Government blames gap between lab results and real-world emissions from diesel cars
The Supreme Court has ordered the UK government to come up with plans on how the UK will comply with EU limits on how much nitrogen dioxide there is in the air.
The Court says the proposals must be submitted to the European Commission by 31 December this year.
In response the Department for the Environment, Food and Rural Affairs said it was already aiming to meet this deadline. It also said that average concentrations of NO2 had fallen 15% since 2010.
The department blamed the non-compliance on the failure of Euro emission standards for diesel cars “to deliver expected reductions in NO2 in real life situations.”
Professor Stephen Glaister, director of the RAC Foundation, said:
“This ruling puts air quality right at the top of the political agenda. Transport adds to the pollution but before we demonise all diesels as dirty we need to look at what difference the age of a vehicle makes and whether some types of vehicle are dirtier than others.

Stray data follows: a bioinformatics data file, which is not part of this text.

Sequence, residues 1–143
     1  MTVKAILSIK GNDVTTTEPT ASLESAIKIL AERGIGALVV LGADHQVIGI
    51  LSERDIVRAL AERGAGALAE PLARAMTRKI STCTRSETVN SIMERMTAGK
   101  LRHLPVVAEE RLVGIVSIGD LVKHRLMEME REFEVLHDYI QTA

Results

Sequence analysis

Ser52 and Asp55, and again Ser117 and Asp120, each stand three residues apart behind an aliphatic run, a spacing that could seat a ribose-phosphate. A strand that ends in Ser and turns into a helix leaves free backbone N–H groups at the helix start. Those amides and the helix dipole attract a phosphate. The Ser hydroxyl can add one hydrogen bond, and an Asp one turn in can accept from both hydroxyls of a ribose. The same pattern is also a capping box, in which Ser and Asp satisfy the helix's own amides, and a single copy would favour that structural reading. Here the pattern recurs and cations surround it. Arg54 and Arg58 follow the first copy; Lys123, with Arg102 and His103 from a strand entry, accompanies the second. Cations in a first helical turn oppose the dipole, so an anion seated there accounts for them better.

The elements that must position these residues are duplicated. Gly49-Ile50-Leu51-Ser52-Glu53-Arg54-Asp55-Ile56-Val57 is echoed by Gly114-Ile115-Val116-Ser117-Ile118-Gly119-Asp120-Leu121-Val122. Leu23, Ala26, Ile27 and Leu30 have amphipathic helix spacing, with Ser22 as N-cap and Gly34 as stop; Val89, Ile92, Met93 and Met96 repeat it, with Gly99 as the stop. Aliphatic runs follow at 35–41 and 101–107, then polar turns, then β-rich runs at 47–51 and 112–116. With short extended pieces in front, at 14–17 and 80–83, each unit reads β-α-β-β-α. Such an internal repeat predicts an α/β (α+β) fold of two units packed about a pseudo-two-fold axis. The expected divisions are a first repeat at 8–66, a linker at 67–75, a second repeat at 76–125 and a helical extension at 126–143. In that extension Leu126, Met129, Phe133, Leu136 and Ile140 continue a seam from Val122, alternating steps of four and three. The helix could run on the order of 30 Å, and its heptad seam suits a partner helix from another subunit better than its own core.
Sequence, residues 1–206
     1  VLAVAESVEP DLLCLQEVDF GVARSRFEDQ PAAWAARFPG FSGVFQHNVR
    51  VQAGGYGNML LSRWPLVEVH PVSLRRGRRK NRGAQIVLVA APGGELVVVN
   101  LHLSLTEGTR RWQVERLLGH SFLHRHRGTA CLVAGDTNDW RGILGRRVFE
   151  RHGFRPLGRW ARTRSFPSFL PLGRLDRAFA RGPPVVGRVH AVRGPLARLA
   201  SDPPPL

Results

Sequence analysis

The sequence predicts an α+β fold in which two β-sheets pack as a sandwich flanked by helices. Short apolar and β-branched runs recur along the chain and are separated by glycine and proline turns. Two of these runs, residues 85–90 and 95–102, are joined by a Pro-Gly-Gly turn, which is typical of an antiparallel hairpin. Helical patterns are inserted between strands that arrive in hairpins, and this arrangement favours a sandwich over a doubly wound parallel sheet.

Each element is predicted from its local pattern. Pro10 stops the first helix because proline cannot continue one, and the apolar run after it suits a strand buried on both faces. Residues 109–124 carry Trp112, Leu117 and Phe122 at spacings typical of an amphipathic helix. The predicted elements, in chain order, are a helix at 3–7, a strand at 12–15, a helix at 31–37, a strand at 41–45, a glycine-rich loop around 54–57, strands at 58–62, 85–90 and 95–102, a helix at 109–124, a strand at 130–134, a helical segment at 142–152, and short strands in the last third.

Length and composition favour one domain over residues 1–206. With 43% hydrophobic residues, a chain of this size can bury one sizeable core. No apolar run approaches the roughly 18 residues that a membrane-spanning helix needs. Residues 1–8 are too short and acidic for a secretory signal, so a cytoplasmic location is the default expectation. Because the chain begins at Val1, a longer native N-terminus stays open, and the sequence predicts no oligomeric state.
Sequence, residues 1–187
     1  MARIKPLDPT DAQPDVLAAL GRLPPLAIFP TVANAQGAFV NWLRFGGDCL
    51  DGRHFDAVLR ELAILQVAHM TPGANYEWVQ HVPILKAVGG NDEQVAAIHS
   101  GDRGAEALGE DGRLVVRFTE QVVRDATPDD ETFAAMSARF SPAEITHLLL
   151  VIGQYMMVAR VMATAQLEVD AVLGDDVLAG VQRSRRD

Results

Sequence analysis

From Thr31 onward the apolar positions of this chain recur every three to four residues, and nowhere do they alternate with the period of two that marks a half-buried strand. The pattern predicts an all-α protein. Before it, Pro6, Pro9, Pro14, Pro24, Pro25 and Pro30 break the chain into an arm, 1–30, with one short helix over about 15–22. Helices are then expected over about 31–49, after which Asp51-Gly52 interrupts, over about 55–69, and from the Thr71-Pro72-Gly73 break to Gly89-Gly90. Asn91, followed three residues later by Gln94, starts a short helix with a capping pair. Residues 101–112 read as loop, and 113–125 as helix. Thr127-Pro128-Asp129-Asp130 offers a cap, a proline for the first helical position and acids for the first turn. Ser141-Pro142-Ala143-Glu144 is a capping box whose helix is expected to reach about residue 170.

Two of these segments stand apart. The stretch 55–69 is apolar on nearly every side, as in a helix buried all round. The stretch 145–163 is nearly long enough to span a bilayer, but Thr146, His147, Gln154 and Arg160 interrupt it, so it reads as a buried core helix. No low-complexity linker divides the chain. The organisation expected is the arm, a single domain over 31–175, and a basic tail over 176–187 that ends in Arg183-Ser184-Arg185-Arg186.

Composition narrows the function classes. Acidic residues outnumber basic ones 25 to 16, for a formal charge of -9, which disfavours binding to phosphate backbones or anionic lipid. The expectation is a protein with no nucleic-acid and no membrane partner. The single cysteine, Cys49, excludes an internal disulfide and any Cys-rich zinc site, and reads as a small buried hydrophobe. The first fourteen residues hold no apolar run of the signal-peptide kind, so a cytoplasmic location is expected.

“How much progress we make in cleaning up our towns and cities depends on how accurate the new environmental test cycle for vehicles will be. The outgoing lab-based system has been found to be a far from reliable indicator of what happens on the road.”
In 2014 the RAC Foundation published a report written by Ricardo-AEA called Air Quality and Road Transport which said:
- transport accounts for about 30% of NO2 emissions and 20% or particulates
- the UK is largely complying with EU limits on particulates though these standards are less stringent that World Health Organisation Guidelines
- Heavy duty trucks and buses are the main sources of NOx emissions, which contribute to NO2 concentrations, but in absolute terms this has been reducing
- Diesel cars are now the second-largest source of NOx emissions and this source has grown rapidly over the past 15 years
- Diesel vehicles are also the main source of PM emissions when it comes to road transport, but the difference in relation to petrol vehicles is much less than for NOx as PM emissions are also generated by brake and tyre wear